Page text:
The League of Extraordinary Gentlemen
From The Art and Popular Culture Encyclopedia
The League of Extraordinary Gentlemen is a comic book series written by Alan Moore and illustrated by Kevin O'Neill. The series was launched in 1999 and spans two six-issue limited series and a hardcover graphic novel, with a third miniseries. According to Moore, the initial concept behind the series was initially a "Justice League of Victorian England" but quickly grew into an opportunity to merge all works of fiction into one world. Says Moore: "The planet of the imagination is as old as we are. It has been humanity's constant companion with all of its fictional locations, like Mount Olympus and the gods, and since we first came down from the trees, basically. It seems very important, otherwise, we wouldn't have it." Moore and O'Neill have revealed that they plan to map out many different eras in the League series with Allan Quatermain and Mina Murray (of Bram Stoker's Dracula) being the two constants.
- Dracula by Bram Stoker
- King Solomon's Mines and sequels, by H. Rider Haggard
- The Strange Case of Dr. Jekyll and Mr. Hyde by Robert Louis Stevenson
- The Insidious Dr Fu Manchu and sequels, by Sax Rohmer
- Twenty Thousand Leagues Under the Sea and The Mysterious Island by Jules Verne
- The Invisible Man and The War of the Worlds by H. G. Wells
- The Sherlock Holmes stories by Arthur Conan Doyle
- Moonchild by Aleister Crowley
- The First Men in the Moon, The Time Machine, and The Island of Dr. Moreau by H. G. Wells
- A Princess of Mars and its sequels in the Martian novels of Edgar Rice Burroughs
- Lieutenant Gullivar Jones: His Vacation by Edwin Lester Linden Arnold
- The Dream-Quest of Unknown Kadath by H. P. Lovecraft
- The Picture of Dorian Gray by Oscar Wilde
- Moby-Dick by Herman Melville
- "The Murders in the Rue Morgue" by Edgar Allan Poe
- The Wind in the Willows by Kenneth Grahame
- Oliver Twist by Charles Dickens
Girls in Ms. Coote's school:
- Olive Chancellor, The Bostonians
- Becky Randall, Rebecca of Sunnybrook Farm by Kate Douglas Wiggin
- Polly Whittier, Pollyanna by Eleanor H. Porter
- Katy Carr, What Katy Did by Susan Coolidge
- One of the first modern works to combine characters from earlier fictions is the 1949 novel Silverlock, written by John Myers Myers; every character in this novel is lifted from the pages of works dating back to Beowulf and other ancient tales. It is unclear whether Moore drew any inspiration from Myers' book.
- Tarzan Alive, Doc Savage: His Apocalyptic Life, The Other Log of Phileas Fogg, and the rest of the Wold Newton family stories by Philip José Farmer present various heroes and villains of adventure fiction as being part of the same family tree.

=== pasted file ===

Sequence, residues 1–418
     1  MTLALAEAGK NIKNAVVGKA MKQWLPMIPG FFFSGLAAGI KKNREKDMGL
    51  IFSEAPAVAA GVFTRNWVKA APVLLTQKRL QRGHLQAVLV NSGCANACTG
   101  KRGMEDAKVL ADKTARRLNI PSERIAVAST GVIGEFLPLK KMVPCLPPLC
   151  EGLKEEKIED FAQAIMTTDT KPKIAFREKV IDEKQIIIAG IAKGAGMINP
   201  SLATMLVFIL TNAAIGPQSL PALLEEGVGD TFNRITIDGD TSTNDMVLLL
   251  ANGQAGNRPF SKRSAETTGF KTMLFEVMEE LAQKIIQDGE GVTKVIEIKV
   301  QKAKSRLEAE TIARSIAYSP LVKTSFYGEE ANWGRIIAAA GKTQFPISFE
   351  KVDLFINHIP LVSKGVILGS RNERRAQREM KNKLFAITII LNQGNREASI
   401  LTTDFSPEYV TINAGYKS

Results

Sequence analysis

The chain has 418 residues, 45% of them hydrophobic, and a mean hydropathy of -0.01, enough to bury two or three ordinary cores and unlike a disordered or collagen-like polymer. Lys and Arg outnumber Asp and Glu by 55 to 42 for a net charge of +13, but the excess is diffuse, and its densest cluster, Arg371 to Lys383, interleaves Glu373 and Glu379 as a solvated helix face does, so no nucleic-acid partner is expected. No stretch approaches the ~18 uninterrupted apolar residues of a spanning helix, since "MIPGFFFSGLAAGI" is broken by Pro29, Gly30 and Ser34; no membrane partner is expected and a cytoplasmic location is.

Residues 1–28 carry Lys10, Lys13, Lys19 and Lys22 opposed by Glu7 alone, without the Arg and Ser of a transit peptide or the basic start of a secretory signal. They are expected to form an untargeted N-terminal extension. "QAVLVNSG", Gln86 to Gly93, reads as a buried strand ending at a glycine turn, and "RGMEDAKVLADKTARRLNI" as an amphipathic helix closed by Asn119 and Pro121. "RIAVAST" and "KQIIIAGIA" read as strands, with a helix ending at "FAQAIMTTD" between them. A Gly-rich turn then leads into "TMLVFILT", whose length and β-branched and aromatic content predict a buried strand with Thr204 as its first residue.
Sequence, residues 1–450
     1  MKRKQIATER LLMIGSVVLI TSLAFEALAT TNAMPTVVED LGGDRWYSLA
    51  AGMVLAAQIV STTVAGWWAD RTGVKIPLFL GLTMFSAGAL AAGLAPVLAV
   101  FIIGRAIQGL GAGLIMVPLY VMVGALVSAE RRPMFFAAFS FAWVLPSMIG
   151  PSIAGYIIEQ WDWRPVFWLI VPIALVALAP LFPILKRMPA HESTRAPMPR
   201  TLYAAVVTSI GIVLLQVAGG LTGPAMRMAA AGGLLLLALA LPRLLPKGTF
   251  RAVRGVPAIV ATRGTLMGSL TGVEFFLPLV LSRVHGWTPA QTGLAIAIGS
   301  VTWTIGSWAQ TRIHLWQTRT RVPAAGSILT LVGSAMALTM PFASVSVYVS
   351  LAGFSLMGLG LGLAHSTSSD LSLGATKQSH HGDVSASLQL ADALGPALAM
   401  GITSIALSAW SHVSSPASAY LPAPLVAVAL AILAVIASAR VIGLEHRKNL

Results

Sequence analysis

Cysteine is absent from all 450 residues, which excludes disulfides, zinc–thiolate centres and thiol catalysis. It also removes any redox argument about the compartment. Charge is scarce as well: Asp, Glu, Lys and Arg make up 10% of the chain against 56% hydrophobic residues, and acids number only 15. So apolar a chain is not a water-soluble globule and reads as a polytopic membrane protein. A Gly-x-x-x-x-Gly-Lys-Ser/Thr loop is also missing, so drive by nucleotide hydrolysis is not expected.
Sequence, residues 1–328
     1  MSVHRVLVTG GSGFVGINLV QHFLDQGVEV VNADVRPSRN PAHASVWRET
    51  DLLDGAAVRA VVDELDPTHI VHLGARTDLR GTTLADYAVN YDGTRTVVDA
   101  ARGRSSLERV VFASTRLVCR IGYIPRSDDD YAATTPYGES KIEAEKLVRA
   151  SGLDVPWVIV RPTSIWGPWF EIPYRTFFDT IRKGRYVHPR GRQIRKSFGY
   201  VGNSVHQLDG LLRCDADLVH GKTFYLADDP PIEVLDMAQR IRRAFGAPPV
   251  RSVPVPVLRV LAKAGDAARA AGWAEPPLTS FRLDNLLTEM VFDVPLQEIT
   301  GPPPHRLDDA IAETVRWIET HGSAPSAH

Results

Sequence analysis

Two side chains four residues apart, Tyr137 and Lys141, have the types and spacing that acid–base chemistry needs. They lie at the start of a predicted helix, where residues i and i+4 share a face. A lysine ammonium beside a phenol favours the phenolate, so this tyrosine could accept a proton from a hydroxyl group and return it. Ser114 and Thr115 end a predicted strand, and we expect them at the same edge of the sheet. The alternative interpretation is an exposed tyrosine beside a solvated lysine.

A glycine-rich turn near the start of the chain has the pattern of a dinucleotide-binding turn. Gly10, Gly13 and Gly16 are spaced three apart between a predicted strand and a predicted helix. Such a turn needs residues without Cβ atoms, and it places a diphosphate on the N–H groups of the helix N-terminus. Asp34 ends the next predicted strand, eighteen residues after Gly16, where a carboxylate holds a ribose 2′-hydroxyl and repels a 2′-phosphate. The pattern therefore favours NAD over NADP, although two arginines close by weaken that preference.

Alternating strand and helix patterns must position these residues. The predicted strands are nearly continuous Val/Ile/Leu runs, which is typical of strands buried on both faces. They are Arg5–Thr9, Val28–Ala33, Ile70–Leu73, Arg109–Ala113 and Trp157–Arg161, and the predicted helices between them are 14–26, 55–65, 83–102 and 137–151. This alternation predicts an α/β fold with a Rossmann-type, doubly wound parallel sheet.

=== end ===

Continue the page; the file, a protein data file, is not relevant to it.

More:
- Anno Dracula and sequels, by Kim Newman; the original book is set in London at about the same time as The League of Extraordinary Gentleman and features several characters in common.
- The League of Heroes and sequels, by Xavier Mauméjean ISBN 1-932983-44-9
- Tales of the Shadowmen and sequels, edited by Jean-Marc Lofficier ISBN 1-932983-36-8
- A Night in the Lonesome October by Roger Zelazny depicts several iconic characters coming together in a battle between good and evil. Zelazny's Roadmarks includes guest appearances, although unnamed, of both Doc Savage and his foe John Sunlight.
- The comic novels of Jasper Fforde concern a world inside fiction; and feature fictional characters, e.g Miss Havisham and Humpty Dumpty as some of the key protagonists.
- Warren Ellis's comic Planetary offers a "secret history" of the 20th century which integrates well known characters from pulp fiction and comics into a cohesive world. Characters in the public domain, such as Sherlock Holmes are present as themselves, while characters still under copyright are represented by close analogues.
- Pulp Heroes is a popular trilogy of fiction books set in the pulp era of the 1930’s and 1940’s. The titles of the three novels are More Than Mortal, Khan Dynasty and Sanctuary Falls. The story features famous characters from Jules Verne's 20,000 Leagues Under the Sea and Around the World in 80 Days, Mary Wollstonecraft Shelly's Frankenstein, Arthur Conan Doyle's Sherlock Holmes and Professor Challenger series, Chester Hawks' Captain Hazzard, Robert Louis Stevenson's Dr. Jekyll and Mr Hyde, J.H. Rosny’s Ironcastle, John W. Campbell’s Who Goes There?/Thing from Another World, H. Rider Haggard's Allan Quatermain, Philip Wylie's Savage Gentleman and Gladiator, and many more.
A film adaptation was released in 2003, also by the name The League of Extraordinary Gentlemen. The film stars Sean Connery and features the characters but an original story, which is common for comic book adaptations which seldom feature direct translations. The film was intended to begin a franchise but because of its poor reception (a 16% at Rotten Tomatoes) it is unlikely.